Russia upset over Canadian visa denials for delegates to space conference

Canada’s refusal to allow Russian delegates to attend a prestigious international astronautical symposium has angered Moscow, which said the decision flies in the face of international space co-operation and amounts to politicizing space exploration over the conflict in Ukraine.

Canada’s refusal to allow Russian delegates to attend a prestigious international astronautical symposium has angered Moscow, which said the decision flies in the face of international space co-operation and amounts to politicizing space exploration over the conflict in Ukraine.

A spokesman for the Russian embassy on Tuesday called Ottawa’s decision to deny visas for the delegates — including one of the country’s most renowned astronauts — unfortunate.

“In this regard, we can only express regret that a number of members of the Russian delegation did not get their visas,” Kirill Kalinin, second secretary at the Russian embassy in Ottawa, told The Canadian Press.

“This act unfortunately does not bring benefit to the Russian-Canadian bilateral relations.”

Ottawa initially declined to discuss the issue, citing privacy concerns, but on Tuesday, a spokeswoman for Citizenship and Immigration Canada confirmed some applications were denied, while others were still being reviewed.

“Each will be assessed on its merits by professional, non-partisan public servants in accordance with Canada’s security and immigration laws,” Nancy Caron said in an email.

An official with Roscosmos — the Russian space agency — said only two of its 10-strong delegation received Canadian visas for the 65th International Astronautical Congress — both of them translators who were the last to apply.

“Failure to obtain visas for Russians is clearly politically motivated,” the official told the Interfax news agency.

On Monday, The Canadian Press reported how the absence of the Russians had blindsided the president of the Canadian Space Agency, Walter Natynczyk.

The retired general said he had only just learned about the visa issue.

“I guess I’m equally surprised,” Natynczyk said. “Before I come to any conclusions, I would like to know exactly how it transpired.”

On Tuesday, the Moscow Times said famed cosmonaut Sergei Krikalev — who spent 10 months aboard the orbiting Mir space station in 1992 — was among the Russians denied visas to attend the week-long conference in Toronto, considered the world’s biggest space gathering. The theme of this year’s event is “Our World Needs Space.”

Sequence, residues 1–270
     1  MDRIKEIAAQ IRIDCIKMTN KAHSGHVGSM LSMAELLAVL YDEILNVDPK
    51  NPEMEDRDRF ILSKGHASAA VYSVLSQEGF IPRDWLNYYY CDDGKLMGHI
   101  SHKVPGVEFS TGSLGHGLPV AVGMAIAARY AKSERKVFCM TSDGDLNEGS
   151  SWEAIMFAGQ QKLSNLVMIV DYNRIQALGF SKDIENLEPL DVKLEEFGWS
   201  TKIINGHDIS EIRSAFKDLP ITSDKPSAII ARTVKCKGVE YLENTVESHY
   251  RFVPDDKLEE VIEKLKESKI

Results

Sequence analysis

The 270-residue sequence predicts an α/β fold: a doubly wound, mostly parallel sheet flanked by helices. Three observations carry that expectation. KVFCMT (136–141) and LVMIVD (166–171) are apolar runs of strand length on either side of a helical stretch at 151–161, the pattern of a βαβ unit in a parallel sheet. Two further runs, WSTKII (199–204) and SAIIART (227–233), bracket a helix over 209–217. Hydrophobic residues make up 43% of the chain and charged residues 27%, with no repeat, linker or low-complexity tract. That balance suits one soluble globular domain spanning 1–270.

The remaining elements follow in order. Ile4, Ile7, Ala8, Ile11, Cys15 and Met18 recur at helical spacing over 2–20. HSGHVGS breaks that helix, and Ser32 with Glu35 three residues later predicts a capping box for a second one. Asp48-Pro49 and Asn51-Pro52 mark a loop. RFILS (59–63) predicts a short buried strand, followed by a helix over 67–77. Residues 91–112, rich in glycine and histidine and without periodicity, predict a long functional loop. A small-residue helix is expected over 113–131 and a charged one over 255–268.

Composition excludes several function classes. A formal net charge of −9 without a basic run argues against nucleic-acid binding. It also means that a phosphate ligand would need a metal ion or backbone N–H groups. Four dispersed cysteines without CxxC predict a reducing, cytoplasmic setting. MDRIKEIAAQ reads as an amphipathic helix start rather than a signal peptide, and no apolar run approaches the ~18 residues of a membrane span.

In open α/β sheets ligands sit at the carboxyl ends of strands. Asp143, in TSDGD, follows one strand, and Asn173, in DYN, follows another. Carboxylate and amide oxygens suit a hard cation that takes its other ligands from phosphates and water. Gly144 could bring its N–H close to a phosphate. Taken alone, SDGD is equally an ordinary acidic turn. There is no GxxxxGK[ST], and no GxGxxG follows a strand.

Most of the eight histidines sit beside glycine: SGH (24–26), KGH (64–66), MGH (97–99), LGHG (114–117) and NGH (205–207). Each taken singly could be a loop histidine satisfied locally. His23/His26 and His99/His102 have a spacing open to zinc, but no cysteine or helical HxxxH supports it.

However, Krikalev was reported as telling the TASS news agency that he simply applied for a visa too late, a point disputed by Roscosmos.

“All the visa applications were filed on time,” Irina Zubareva, Roscosmos press secretary, told The Moscow Times.

It remains unclear what Russia can do to protest the situation, given the exclusive right countries have to deny visas.

Canada also denied visas to some Chinese delegates.

Berndt Feuerbacher, past president of the International Astronautical Federation, said he regretted the absence of the Russian and Chinese space-agency heads.

“They were foreseen to be here with us, they have been with us in the past, and they will be with us in the future,” Feuerbacher said.

“It is just unfortunate, due to problems especially in the visa area, that we couldn’t have these delegations here. I apologize for this.”

Jack Harris, a New Democrat MP, attended the congress’ opening sessions. He said Tuesday the absence of the Russian and Chinese space leaders was keenly felt.

“I think it was significant from an international relations point of view,” Harris said.

But he noted the conference has been running for 65 years and has been apolitical, something that the visa dust-up isn’t likely to change.

“Questions were raised whether it says anything about the future of collaboration but the response by the leadership there was that they didn’t see that as a consequence,” he said.

Canada has previously taken a hard line against Russia space-wise. In April, the government called off the launch of a Canadian communications satellite on a Russian rocket citing “current events in the Ukraine.” Ottawa has yet to say when it might approve the launch, a spokesman for the satellite company said Tuesday.

The Canadian Aeronautics and Space Institute is hosting the showcase congress. About 3,000 delegates from space agencies, companies, academia and government from about 70 countries around the world, including France, South Africa and Mexico, have descended on the downtown convention centre.

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